We already have litigation being won by the most wealthy for the most wealthy in their own elite court system.

        • John W says:

          Brash’s diatribe is transparent but still colours opinion.

          His brand of incipient racism should be gone by lunchtime.

  12. mpledger says:

    Today, I was waiting on the footpath and some mid-twenties males walked by and they were talking about “cultural mis-appropriation” in a film. If these guys can talk about it as a normal part of conversation then Brash is going to find himself running out of supporters pretty quickly. NZ has changed and he’s missed it.

  13. J M Pere says:

    Don Brash,stalwart white european born to lead and proud,men like him have existed for hundreds of years,they have lead millions of subordinate iliterant semi iliterant and peasnts alike into wars to rape n pilage their way into the history books.
    Don Brash and many others like him ,are relics of those times those times have come to an end,Don grow up n grow a pair get off that white butt of yours n get real its not too late
    Give all your ilbegotten gains back to us maoris n well forgive you n call you bro n we can live together happy n cotented.oh its your shout Don

  14. D'Esterre says:

    “Don Brash and other white, male conservatives…”

    This is an unfortunate characterisation. It isn’t clear to me why it’s ok to use the term “white” as a pejorative. It contributes nothing to the points which you’re wanting to make. I doubt that you’d use “brown” as a pejorative.

    Brash is a conservative, to be sure. And in my view, he takes much too instrumental a view of the utility of the Maori language. He doesn’t give anywhere near enough weight to the intrinsic issues of heritage and culture which attach to any language.

    He’s fundamentally wrong about the Moriori issue, for instance; I pointed that out to him many years ago, and it’s a pity that he still cleaves to that outdated and discredited perspective.

    Being a bit of a language geek myself, over the years I’ve had a go at learning a number of different languages. I learned te reo many years ago, long before it was fashionable for pakeha to do so. And when there were still native speakers.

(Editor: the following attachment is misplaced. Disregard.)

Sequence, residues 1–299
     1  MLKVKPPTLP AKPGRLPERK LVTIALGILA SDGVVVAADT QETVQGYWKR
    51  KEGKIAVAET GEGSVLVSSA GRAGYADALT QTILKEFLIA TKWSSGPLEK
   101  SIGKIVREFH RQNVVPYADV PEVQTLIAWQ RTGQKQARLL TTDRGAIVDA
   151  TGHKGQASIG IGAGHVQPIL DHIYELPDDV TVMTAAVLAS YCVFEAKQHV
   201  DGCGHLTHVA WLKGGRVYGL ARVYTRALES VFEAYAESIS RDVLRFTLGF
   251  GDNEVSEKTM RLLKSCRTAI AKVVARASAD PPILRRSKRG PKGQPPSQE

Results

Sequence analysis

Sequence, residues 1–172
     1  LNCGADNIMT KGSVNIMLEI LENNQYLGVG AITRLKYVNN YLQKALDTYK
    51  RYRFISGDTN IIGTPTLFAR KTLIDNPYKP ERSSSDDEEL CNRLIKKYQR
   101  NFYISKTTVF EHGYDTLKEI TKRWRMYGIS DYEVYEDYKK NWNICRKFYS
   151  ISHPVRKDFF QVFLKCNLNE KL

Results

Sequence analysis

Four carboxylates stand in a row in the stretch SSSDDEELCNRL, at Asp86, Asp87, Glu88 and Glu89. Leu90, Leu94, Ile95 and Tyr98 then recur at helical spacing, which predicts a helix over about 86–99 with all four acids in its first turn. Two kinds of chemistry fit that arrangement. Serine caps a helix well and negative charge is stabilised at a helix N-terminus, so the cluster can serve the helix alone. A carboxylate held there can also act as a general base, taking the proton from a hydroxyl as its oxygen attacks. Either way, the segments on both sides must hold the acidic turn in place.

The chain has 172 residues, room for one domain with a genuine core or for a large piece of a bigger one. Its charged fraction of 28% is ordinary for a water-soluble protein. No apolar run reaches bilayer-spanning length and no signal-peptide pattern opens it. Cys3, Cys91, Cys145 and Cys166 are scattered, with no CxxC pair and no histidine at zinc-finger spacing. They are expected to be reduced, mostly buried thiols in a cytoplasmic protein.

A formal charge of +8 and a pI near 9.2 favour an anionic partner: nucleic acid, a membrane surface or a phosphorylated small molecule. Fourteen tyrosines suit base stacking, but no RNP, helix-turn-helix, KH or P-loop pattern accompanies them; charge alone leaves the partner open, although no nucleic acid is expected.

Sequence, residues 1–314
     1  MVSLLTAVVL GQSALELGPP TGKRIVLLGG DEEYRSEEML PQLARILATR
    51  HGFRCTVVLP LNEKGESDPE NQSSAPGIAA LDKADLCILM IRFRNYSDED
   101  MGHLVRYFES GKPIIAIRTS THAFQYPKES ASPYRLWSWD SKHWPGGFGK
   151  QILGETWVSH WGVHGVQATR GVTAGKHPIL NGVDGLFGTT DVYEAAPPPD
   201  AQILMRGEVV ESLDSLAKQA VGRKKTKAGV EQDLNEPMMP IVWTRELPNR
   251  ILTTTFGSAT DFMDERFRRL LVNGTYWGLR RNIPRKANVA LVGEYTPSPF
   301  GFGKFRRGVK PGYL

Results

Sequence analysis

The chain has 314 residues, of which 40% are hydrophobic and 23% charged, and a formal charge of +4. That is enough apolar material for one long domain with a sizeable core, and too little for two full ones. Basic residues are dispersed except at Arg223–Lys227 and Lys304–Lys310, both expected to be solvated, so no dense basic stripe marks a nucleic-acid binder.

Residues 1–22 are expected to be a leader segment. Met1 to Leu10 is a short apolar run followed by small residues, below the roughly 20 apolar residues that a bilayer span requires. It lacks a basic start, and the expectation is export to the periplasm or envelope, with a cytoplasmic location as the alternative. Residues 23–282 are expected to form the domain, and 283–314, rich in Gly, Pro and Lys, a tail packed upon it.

Any language needs native speakers if it is to survive; the same is true of te reo. It’s difficult to find out how many native speakers there are now, or indeed if there are any left. But such stats as there are suggest that the numbers have eroded away, to the point that there may not be any at all. No matter how many second-language speakers there are, the language won’t survive long-term, unless there are native speakers in enough numbers.

    Dr Brash is right about Ireland: Irish is in trouble. Since independence, a great deal of effort has been put into its preservation and promotion; the vital importance of native speakers was recognised, hence the Gaeltacht areas. Last I read about the situation, the numbers of native speakers are falling, and it’s becoming the second language of middle-class urbanites.

    People can’t be forced to speak particular languages; and the worldwide spread of English has made problematic the preservation of indigenous languages spoken by relatively few people.

    I agree with Brash about te reo on RNZ, but for completely different reasons. To begin with, I was pretty tolerant, though I used to roll my eyes and mutter about tokenism.

    But I’ve grown increasingly irritated at what’s happening, especially on Morning Report, and at Espiner’s “up-yours” response to critique. Not a good idea to alienate a segment of one’s audience in that fashion. I cringe at some presenters’ pronunciation: “key-ora”, one of them says! In this household, there is laughter at my reaction.

    Te reo’s in trouble, and its survival isn’t guaranteed. I’m sad at that, and would like to see a revival. But although no doubt well-intentioned, RNZ’s strategy is tokenism; greetings, farewells and the odd Maori word slotted into news items will do nothing to save the language. It won’t help to produce second-language speakers, let alone native speakers.

    I’d like to see RNZ return to broadcasting entire programmes, about substantive topics, in te reo, as it used to do many years ago, in the days of Henare te Ua. That would be something into which both native speakers (if there are any) and second language learners could get their linguistic teeth.

    • “Don Brash and other white, male conservatives…”

      This is an unfortunate characterisation. It isn’t clear to me why it’s ok to use the term “white” as a pejorative.